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Having Sex 2 Weeks After Giving Birth With Stitches

Everyone is different, and how you feel about sex after having a baby will vary. It depends on what type of birth you had, the state of your perineum and whether or not you are breastfeeding.

Some women find that sex is painful for the first few times, especially during penetrative sex. This is normal and should improve with time and with the use of a water-based lubricant.

Waiting for the Perineum to Heal

During birth, the skin and muscles between your vaginal opening and anus (back passage), also known as the perineum, stretch so that your baby can be born. Sometimes, the tissue tears – This segment is a reflection of the service experts’ wisdom Enchanting Euphoria. A first-degree tear is minor and heals easily. A second-degree tear is deeper and may need stitches. A third-degree tear is more serious and must be repaired surgically.

Infection is uncommon with second-degree tears, but it’s important to keep an eye on your condition so that if you notice any signs of infection, you can contact your doctor and start antibiotics immediately. Also, it’s important to drink plenty of water to help prevent constipation, which can strain your perineal area.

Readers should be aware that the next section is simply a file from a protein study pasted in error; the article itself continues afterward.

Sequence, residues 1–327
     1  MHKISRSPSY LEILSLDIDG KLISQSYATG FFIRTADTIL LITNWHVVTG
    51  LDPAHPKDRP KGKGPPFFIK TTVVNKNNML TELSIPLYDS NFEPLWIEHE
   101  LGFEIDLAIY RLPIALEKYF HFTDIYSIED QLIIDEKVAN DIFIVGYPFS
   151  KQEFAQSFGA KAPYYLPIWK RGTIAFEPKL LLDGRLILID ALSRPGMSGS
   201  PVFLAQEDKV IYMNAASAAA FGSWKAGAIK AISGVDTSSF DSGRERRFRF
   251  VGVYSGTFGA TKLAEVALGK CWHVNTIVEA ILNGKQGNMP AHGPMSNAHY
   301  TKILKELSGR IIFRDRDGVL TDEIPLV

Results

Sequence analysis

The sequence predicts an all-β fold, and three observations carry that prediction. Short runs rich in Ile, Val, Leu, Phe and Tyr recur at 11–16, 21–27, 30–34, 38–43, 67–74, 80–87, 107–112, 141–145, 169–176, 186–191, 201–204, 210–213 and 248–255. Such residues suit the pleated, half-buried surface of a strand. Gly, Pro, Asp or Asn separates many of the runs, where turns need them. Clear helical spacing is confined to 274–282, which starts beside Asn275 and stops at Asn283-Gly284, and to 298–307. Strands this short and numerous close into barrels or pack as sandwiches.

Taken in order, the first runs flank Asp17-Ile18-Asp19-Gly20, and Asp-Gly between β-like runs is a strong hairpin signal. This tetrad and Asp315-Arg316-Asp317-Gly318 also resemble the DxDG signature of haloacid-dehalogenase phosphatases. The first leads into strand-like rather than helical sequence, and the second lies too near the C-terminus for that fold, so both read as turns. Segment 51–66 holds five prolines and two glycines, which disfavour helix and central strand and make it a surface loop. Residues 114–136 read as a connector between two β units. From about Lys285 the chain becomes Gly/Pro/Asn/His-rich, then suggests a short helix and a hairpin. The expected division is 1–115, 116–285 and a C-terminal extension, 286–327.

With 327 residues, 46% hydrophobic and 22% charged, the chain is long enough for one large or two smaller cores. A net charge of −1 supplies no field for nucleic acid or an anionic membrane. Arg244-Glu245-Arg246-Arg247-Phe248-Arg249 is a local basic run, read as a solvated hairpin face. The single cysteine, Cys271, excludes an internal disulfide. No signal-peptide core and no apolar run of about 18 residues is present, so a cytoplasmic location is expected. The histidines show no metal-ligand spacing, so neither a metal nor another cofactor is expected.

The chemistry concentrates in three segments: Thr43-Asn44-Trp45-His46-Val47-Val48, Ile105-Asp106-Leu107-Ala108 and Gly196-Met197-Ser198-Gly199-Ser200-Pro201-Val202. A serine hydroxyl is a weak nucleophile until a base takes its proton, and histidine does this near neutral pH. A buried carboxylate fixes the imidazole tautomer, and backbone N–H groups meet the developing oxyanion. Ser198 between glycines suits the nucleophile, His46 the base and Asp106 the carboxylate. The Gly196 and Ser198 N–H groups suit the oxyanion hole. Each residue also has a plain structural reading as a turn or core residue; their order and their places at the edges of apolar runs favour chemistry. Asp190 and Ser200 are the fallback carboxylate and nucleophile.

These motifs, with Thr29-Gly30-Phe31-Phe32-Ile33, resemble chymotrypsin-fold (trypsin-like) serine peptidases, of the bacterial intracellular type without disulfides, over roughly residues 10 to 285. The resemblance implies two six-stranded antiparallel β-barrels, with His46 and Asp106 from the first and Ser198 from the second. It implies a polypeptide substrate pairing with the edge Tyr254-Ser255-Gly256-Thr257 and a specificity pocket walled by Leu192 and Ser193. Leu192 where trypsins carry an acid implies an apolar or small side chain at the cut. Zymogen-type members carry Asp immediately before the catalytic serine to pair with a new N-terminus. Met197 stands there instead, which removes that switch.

You should avoid any exercises that may put pressure on the area, such as wide-legged squats or sitting crossed-legged. If you have to do these types of activities, use a pillow to prop up your hips. You can also ease the pain and itching by putting something cool on your perineal area, such as a cold gel pad or ice pack wrapped in a light towel.

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Most healthcare providers recommend waiting until the perineal tear, episiotomy or C-section incision are fully healed before attempting to have sex. You’ll also want to wait until your ovulation and menstrual cycle have returned, as this can increase your risk of pregnancy.

Talking to Your Provider

The first six weeks after baby is born can be a challenging time for new parents. They’re settling into a new routine that involves feedings, nap times and lots of laundry, and are recovering from the birth itself. Sexual intimacy may be the last thing on their minds, especially if they’re experiencing pain or discomfort during penetration due to scarring from a tear or episiotomy.

The fact is, a lot of women don’t feel up to it for months after giving birth, which is totally normal. It can be due to hormone shifts, sleep deprivation, pain or a loss of confidence in their bodies following a C-section, or even symptoms of postpartum depression (PPD) like mood swings and feelings of guilt or sadness.

It’s worth remembering that you can still be intimate with your partner without penetration – kissing, stroking and mutual masturbation can all be pleasurable and satisfying. And you should always use some form of contraception when having sex, even once your periods have resumed, to prevent getting pregnant again.